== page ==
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Police-Heavy Wards Get The Least Parking Tickets Out Of Any In Chicago, Data Shows

The wards' heavy Police and Fire Department populations, homes with garages and free street parking could explain the lack of ticketing, residents said.

The 19th and 41st Wards, historically home to large Police and Fire Department employees, get the least parking, standing and vehicle compliance tickets out of any wards, a new database shows.
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This story was produced with data from ProPublica Illinois’ The Ticket Trap, a new resource that allows users to search and compare where parking tickets are issued in Chicago.

NORWOOD PARK — The city’s two police strongholds get the least tickets out of any wards, a new database shows.

Cars in the 41st Ward on the city’s Northwest Side and the 19th Ward on the Southwest Side get the least parking, standing and vehicle compliance tickets of any ward, according to a new database from ProPublica Illinois.

Those wards are historically known to be home to many city workers, particularly Police and Fire department employees. 

People living in the 41st Ward — minus O’Hare Airport — collected about 59,900 tickets between 2013 and 2017, while the 19th Ward got 45,900 tickets over that time frame, according to a Block Club analysis of the data.

Those wards are among only eight wards out of the city’s 50 that managed to rack up less than 100,000 tickets during that time.

Credit: ProPublica Illinois
Where tickets are issued in the 41st Ward, excluding O’Hare. The area got the least tickets out of any ward in the city between 2013 and 2017.

In comparison, the 42nd Ward, which covers the Downtown area and was the most ticketed of the wards, picked up 1 million tickets between 2013 and 2017. The ward with the next-highest amount of tickets, the 44th Ward, got 497,600 tickets.

Ald. Anthony Napolitano (41st), a former Chicago Police officer and firefighter, said his ward has a large population of city workers who are careful not to get tickets because they don’t want to face punishments at their jobs. City workers might also be more familiar with parking regulations, he said, noting he walks the block of wherever he parks to make sure he’s not violating any posted signs.

But the ward being home to many police officers doesn’t deter anyone from writing tickets, Napolitano said.

“The ticket writers are out there, writing tickets,” Napolitano said. “They don’t care where you live or who you are or where you’re from. If your car is int he wrong area, they’re writing you.”

Residents of the 41st Ward said the high number of city workers living there could contribute to the area’s lack of tickets — and the availability of parking helps, too. The Far Northwest Side has long stretches with open, unmetered street parking; some businesses along Northwest Highway also have lots for customers.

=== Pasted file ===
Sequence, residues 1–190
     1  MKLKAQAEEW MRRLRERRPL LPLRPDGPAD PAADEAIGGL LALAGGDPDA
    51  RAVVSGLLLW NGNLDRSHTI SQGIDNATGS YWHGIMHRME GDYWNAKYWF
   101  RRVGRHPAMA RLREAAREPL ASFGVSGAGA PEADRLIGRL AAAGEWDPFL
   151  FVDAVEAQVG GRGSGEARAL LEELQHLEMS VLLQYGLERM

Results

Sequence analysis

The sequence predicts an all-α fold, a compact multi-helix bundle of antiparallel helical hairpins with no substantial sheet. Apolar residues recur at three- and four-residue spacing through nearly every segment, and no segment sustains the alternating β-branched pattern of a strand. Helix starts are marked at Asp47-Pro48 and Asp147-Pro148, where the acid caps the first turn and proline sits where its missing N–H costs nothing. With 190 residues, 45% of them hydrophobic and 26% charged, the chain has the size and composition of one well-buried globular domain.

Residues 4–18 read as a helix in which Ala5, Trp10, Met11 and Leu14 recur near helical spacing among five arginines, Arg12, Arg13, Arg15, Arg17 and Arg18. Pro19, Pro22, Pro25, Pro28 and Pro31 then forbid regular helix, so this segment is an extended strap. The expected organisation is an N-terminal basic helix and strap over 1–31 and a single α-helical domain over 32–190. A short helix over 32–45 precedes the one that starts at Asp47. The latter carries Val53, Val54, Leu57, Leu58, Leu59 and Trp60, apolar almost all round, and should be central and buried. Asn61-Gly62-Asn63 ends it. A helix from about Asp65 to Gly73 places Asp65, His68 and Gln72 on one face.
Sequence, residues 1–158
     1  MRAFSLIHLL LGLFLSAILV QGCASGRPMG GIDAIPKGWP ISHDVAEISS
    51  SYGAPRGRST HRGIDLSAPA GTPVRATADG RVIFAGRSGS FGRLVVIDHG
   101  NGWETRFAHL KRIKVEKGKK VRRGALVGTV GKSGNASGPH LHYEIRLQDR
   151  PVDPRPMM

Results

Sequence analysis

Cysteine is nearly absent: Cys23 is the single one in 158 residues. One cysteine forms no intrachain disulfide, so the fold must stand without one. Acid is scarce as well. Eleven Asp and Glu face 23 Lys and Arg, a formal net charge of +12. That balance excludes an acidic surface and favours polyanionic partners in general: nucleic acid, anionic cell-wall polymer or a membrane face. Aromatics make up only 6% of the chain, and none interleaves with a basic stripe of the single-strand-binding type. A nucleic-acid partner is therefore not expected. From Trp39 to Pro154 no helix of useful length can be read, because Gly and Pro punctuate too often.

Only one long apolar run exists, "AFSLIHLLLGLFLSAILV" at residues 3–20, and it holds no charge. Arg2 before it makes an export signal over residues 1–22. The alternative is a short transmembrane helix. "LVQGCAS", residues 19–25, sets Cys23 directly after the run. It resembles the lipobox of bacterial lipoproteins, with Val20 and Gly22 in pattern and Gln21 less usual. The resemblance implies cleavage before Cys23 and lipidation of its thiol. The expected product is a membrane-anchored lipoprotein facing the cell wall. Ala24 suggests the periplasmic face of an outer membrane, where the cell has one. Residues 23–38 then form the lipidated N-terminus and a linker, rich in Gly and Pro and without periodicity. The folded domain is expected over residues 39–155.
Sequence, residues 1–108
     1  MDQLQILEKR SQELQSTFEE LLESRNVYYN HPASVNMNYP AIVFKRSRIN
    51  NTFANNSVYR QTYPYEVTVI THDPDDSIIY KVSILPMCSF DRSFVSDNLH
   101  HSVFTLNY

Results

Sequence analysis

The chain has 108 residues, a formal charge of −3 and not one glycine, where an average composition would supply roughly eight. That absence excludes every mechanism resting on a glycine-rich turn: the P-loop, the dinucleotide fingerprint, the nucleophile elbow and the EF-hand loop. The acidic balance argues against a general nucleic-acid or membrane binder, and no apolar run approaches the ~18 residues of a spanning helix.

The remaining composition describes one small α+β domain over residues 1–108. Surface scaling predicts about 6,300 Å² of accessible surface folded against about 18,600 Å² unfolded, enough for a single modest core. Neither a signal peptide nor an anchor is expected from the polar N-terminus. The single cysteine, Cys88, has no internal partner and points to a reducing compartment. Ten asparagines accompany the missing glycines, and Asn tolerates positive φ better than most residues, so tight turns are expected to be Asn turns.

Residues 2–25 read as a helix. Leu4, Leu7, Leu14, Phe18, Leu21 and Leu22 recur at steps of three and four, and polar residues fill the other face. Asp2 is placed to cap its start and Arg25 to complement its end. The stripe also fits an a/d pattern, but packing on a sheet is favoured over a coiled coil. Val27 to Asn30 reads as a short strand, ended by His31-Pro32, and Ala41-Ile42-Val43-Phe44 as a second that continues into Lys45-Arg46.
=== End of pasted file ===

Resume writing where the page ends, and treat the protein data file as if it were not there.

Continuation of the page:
The area also has many single-family homes with driveways and garages, unlike other parts of the city.

“I think there’s plenty of parking. That’s No. 1 for why there are so few tickets,” said resident Richard Lambert. “But also, No. 2, the people who live around here are city workers and they know what the rules are.”

At A-Trendz Auto & Truck Accessory Shop, 6333 N. Northwest Highway, sales associate Ken Fulkerson said he sees bicycle police giving out tickets “all the time” but thinks the police population could play a role in the ward’s low number of tickets.

“This neighborhood is all cops. That’s Norwood Park,” Fulkerson said. “I wouldn’t think they’d ticket each other.”

Chicago Police officers can get tickets, and when they do get cited — or if they don’t pay tickets — they can be suspended from work, among other punishments. 

“The citations our officers write are issued without bias, as they have no way of knowing the occupation, age, gender, race, ethnicity or other identifying characteristic when assigning a parking/non-moving violation of a vehicle,” Luis Agostini, a Chicago Police spokesman, said in a statement.

Credit: Alex V. Hernandez/Block Club Chicago
Cars sit along the street on Avondale Avenue. The spot is popular with commuters who can park there for free without limits.

When tickets are issued in the 41st and 19th wards, they tend to come from a mix of officers, parking enforcement aides, private contractors and others. In the 19th, where parking meters are few and far between, 54 percent of tickets issued between 2013 and 2017 came from officers; in the 41st Ward, about 38 percent of tickets were written officers.

Citywide, police issued 39 percent of all tickets in those years.

Resident Richard Pake said he sees parking enforcement aides “all the time” in Edison Park. 

“I’m shocked we have the lowest number of parking tickets around here,” he said. “I tell my children, who live deeper in the city, that the city, the county and the state are always in dire need of money. So it’s surprising we have the [least] parking tickets around here.”

Resident Eunice Coorlas was also surprised to learn the 41st Ward has the least amount of tickets — and she’s worried the city will one day add meters to the area.

“There always seems to be some parking spaces available, and it’s not pay-for-parking,” Coorlas said. “And places like the grocery store and the restaurants on Northwest Highway also have valet parking; a couple also have their own parking lot.”

Ald. Matthew O’Shea (19th) could not be reached for comment.

The 19th Ward includes all or parts of Mount Greenwood, Beverly, Morgan Park and Washington Heights. The 41st Ward includes all or parts of Edison Park, Norwood Park, Edgebrook, O’Hare, Wildwood and Jefferson Park.

Credit: ProPublica Illinois
Where tickets are issued in the 19th Ward.